Christiane Benner has often led the way. The 55-year-old wants to be the first woman to be elected head of IG Metall next Monday (October 23rd) - Germany's largest, most powerful and most male union, firmly anchored in the automotive industry and with a proportion of women of around 20 percent.
For decades, the organization was led by power-conscious men such as Franz Steinkuhler, Berthold Huber and, most recently, Jörg Hofmann, who, at the age of 67, will not run again.
So now Christiane Benner, Hofmann's deputy for eight years. Since joining the union in 1988, the former youth representative of a metal company in Bensheim, southern Hesse, has gotten to know IG Metall from many perspectives - and has developed a remarkable preference for difficult and promising topics. After studying sociology financed by the Hans Böckler Foundation and working in Frankfurt and Hanover, she became department manager on the board in 2008, responsible for IT staff and “target group work,” among other things.
Information technology as a driver
These groups included women, employees, students and engineers and were therefore quite far removed from the dominant group of classic skilled workers. Benner has already organized pseudo-self-employed click workers and thought about circular economy and artificial intelligence when for others this was still a distant dream of the future. She says about herself: "I have always seen information technology as a driver. If I understand what is happening at IBM or SAP, then I know what is happening in the other companies three or four years later."
What she described as a “slightly nerdy” woman responsible for complex questions about the future quickly became a woman with a future, who was appointed to the board in 2011 and became second chairwoman in 2015. At the union conference in Frankfurt, the married Benner is running for the board as part of, but also as the clear leader of, a five-person team of candidates. There are no opposing candidates in sight.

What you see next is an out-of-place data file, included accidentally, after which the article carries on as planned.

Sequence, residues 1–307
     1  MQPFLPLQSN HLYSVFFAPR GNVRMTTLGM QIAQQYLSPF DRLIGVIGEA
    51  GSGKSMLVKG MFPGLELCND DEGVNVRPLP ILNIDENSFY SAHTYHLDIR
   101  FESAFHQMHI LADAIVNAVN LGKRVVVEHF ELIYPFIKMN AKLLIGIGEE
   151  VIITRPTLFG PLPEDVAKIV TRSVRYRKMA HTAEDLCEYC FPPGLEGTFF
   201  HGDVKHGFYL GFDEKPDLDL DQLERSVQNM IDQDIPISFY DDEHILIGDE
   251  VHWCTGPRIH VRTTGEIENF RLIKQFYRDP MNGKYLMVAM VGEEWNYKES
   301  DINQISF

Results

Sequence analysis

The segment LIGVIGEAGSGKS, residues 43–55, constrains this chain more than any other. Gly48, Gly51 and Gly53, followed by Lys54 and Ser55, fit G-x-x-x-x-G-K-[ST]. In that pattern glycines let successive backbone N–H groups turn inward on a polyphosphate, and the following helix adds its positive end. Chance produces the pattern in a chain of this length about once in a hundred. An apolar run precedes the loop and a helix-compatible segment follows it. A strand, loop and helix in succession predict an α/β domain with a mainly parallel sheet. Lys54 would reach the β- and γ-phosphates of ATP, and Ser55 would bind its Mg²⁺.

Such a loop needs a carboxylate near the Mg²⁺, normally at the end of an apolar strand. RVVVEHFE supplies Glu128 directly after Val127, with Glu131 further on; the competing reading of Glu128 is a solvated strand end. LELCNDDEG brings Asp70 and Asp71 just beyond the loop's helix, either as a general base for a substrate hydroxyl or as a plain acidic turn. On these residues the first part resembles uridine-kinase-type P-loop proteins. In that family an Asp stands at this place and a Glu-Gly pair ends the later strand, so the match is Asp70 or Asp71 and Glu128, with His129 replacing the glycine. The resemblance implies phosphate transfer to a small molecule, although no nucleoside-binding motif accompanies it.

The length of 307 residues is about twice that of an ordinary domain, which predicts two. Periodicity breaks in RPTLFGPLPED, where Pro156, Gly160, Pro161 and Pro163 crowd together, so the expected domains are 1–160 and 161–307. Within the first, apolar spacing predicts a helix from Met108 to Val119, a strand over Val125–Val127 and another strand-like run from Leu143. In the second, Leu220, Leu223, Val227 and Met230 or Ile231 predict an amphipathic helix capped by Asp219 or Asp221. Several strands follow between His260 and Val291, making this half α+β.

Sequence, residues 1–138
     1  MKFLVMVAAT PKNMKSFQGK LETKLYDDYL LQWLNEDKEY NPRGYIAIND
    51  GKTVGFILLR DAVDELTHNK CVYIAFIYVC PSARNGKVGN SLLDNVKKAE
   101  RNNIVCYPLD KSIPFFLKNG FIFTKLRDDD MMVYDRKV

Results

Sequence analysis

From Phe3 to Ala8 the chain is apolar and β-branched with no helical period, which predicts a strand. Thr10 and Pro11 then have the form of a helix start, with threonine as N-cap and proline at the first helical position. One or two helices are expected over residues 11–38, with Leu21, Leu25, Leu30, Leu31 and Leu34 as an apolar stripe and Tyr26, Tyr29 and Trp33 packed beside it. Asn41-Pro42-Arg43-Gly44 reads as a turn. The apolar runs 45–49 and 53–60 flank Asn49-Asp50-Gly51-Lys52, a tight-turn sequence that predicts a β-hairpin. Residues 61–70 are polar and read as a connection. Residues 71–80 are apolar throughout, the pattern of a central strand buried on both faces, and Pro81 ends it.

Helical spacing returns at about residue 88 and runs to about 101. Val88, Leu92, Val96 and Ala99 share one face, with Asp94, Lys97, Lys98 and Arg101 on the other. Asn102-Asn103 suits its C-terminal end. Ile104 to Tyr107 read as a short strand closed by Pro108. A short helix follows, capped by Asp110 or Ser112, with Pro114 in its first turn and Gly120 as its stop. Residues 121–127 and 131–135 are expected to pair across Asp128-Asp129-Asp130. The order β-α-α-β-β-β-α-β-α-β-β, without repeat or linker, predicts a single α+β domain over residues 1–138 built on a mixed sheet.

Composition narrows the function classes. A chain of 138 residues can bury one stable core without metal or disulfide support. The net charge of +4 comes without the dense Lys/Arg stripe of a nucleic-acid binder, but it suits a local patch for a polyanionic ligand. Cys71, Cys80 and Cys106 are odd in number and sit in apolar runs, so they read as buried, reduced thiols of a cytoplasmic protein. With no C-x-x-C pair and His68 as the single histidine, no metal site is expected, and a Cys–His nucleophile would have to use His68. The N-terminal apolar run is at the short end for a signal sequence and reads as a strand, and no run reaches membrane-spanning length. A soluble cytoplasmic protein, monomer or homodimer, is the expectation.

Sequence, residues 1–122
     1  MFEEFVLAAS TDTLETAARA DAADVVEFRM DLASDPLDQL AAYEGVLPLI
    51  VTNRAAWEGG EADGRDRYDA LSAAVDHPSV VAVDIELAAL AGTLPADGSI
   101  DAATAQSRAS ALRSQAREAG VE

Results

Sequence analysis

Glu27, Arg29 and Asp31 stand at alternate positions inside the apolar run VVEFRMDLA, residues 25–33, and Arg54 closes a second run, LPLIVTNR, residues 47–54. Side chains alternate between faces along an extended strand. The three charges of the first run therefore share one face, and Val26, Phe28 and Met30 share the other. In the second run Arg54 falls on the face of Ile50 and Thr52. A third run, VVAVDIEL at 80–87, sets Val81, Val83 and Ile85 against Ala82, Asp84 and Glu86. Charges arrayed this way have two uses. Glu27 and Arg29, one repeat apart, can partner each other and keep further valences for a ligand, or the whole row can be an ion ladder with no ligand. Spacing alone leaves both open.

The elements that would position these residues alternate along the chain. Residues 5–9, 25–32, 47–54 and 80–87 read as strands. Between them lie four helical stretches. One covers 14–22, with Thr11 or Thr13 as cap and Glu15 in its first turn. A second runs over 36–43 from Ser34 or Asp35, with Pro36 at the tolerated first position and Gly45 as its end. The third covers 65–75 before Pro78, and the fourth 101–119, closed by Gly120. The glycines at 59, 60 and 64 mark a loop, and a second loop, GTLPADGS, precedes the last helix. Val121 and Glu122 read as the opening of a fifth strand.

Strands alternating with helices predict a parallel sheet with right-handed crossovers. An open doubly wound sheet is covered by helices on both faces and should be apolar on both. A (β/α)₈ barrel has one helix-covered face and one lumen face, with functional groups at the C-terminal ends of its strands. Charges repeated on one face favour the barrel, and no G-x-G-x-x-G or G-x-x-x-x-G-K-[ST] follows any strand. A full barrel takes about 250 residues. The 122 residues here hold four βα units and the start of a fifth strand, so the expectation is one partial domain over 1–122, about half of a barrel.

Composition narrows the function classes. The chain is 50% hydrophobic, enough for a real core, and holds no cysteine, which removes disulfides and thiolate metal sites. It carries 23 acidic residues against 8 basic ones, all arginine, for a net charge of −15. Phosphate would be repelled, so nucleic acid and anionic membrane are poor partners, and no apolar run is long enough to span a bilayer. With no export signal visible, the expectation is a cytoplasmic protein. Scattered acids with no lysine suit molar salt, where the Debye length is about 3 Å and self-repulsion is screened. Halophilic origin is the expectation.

The Social Democrat also owes her upcoming electoral success to her own steadfastness when she refused to be praised as the head of the German Trade Union Confederation (DGB) last year and preferred to let IG-BCE official Yasmin Fahimi go first. Afterwards, the attempt by Baden-Württemberg cliques to install the Stuttgart district boss Roman Zitzelsberger as co-chairman alongside her in a new type of dual leadership failed.
She has always been ready to take on responsibility in her life, says the tall and sporty former handball player, who prefers jogging along the Main. "I was also head girl, which my mother didn't really notice at the time." According to IG Metall's practice, the desired position at the top of the union will soon mean a move to the supervisory board of VW, which the designated boss will not turn away from. "There is an expectation and there is a tradition. And of course I will live up to that."
Quota for women and reduction in working hours
The long-time BMW and Continental supervisor sees herself as well connected in her company's strong car group. However, IG Metall is much more diverse, sets tariffs for vehicle mechatronics engineers as well as for the textile and wood industries and has other key industries in its organizational area, such as mechanical engineering and metal processing.
Benner is a staunch advocate of women's quotas and wants to reduce the structural disadvantages in the world of work that mean that women are no longer allowed onto the career path after maternity leave. A "short full-time" of 32 hours for men and women alike seems to her to be the right remedy for the shortage of skilled workers. However, she initially wants to see this demand for a further reduction in working hours, which could amount to a four-day week, limited to the steel industry, which is facing an ecological restructuring.
Sometimes the sociologist slips through an anglicism like “empowern”, but in general Benner is not at a loss to speak clearly. "I just have to explain things in a way that a normal person on the hall floor can understand - and not some over-the-top stuff." She wants to make her organization with a good 2.1 million members much more visible in the future and be much more present in traditional and social media. Her predecessors preferred the political backroom rather than the glare of the talk shows, but Benner says: "I don't shy away from the public eye at all." On Monday the time has finally come.